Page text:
Doane Spotlight: Highlights of the Annual Fall Outlook Conference
• Chinese soybean consumption has soared since 1995 but production was barely steady. That’s why China has become such a huge export customer for U.S. beans.
• Chinese cotton usage is dropping faster than production; reserves are now thought to cover any production/consumption deficit six years into the future!
OTHER DRIVERS AND WILDCARDS FOR THE U.S.
• U.S. feed use is not likely to recover. Cattle on feed will be down; hog numbers will be down; broiler production declining and even milk cow numbers are declining.
• Ethanol future is fairly solid due to 1) mandated usage of 15 billion gallons by 2015; 2) Clean Air Act requires an oxygenate in gasoline; 3) Refiners and blenders find it profitable to use ethanol to boost octane.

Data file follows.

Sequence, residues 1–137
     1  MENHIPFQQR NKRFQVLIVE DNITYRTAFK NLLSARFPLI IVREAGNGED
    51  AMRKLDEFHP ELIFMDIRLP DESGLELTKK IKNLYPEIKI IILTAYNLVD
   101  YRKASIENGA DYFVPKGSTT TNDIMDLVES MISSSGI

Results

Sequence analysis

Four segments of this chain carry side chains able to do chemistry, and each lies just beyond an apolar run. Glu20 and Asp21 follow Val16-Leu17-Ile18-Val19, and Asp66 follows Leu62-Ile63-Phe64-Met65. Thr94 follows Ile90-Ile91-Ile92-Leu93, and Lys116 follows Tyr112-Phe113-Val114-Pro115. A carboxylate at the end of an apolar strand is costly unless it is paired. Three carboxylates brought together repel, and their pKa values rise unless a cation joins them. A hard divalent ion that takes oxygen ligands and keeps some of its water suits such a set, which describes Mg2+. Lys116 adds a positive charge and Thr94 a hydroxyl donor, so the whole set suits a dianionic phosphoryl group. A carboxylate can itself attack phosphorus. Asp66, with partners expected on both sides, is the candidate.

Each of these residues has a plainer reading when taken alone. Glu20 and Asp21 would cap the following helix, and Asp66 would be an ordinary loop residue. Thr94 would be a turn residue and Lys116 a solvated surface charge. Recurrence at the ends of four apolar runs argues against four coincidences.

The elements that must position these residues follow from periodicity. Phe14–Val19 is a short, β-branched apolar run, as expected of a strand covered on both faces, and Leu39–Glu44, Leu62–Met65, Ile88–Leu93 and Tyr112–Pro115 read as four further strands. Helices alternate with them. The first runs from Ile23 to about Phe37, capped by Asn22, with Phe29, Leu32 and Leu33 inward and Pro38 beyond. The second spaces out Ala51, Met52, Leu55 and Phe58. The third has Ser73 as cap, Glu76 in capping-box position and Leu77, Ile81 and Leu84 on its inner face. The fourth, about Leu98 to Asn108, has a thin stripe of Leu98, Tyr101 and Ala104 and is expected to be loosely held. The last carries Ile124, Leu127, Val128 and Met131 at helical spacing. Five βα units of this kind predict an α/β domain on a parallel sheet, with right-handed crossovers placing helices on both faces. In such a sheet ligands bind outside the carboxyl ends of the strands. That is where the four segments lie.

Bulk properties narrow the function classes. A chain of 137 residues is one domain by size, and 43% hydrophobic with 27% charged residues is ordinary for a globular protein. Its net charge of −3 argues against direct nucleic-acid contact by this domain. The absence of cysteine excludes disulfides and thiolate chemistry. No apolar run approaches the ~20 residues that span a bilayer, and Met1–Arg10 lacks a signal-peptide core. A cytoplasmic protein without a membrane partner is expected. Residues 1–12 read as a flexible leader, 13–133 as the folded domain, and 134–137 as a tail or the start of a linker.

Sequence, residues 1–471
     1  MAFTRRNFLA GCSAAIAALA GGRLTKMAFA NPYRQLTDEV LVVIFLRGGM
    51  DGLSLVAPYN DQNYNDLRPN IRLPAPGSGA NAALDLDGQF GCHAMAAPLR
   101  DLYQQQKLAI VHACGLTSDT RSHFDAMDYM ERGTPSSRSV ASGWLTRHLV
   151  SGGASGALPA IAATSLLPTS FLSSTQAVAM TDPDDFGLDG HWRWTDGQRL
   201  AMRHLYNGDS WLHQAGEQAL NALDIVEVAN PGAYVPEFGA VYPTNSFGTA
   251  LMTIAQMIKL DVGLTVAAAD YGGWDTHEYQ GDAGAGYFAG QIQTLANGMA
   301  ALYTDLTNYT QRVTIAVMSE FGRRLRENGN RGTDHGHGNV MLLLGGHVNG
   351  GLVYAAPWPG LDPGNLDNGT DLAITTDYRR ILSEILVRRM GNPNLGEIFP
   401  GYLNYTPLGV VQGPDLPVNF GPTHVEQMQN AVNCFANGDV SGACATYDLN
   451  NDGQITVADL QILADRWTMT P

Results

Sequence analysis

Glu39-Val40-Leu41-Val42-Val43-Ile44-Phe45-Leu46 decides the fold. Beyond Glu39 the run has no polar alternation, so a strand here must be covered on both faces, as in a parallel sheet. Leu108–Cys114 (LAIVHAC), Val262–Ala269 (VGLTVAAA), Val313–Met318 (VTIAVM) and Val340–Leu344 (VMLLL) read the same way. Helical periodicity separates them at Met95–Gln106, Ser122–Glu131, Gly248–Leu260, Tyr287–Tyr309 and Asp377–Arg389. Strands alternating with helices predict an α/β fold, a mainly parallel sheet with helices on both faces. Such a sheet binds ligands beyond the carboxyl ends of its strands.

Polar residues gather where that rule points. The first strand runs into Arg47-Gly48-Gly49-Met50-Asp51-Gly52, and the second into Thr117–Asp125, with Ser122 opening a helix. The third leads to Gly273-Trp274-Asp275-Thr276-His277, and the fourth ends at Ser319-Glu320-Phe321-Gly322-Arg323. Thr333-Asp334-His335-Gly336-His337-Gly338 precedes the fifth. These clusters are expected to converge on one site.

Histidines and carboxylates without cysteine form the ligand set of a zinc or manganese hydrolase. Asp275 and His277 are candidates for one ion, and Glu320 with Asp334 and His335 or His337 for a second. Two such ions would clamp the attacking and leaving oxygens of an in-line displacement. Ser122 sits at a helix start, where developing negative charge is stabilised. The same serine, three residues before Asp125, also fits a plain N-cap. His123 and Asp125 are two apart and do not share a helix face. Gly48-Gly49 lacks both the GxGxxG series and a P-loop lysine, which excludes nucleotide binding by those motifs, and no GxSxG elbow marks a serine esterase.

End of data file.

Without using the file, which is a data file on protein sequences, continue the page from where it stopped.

• Shifting from ethanol to some other octane booster would be too expensive.
1) Crop supplies are very tight, but a) more land is available, b) yield growth is not slowing and c) global per capita demand growth is modest.
2) China is key to continued growth in global corn demand.
3) The U.S. needs to earn a bigger share of rising global grain export markets.
4) The farm sector is still generally healthy despite the drought (Net farm income likely peaked in 2012 at $140 billion; will likely back off about 14 percent, to just more than $120 billion in 2013; but still the third highest ever.
- Irrigation Association to release online courses with Cal Poly
- Monsanto to invest $120 million in Argentina
- Ag markets ended Tuesday mostly lower
- Fat molecules influence function of key photosynthesis protein
- Monsanto honored for efforts in developing agriculture in Vietnam
- Corn stocks top 1.2 billion bushels
- Activists fighting Golden Rice even more in 2014
- U.S. GMO labeling foes triple spending in first half of this year
- Source shows half of GMO research is independent
- White House issues veto threat on bill to block WOTUS rule
- How much corn can the ethanol industry use?
- East-West Seed signs marketing collaboration with Monsanto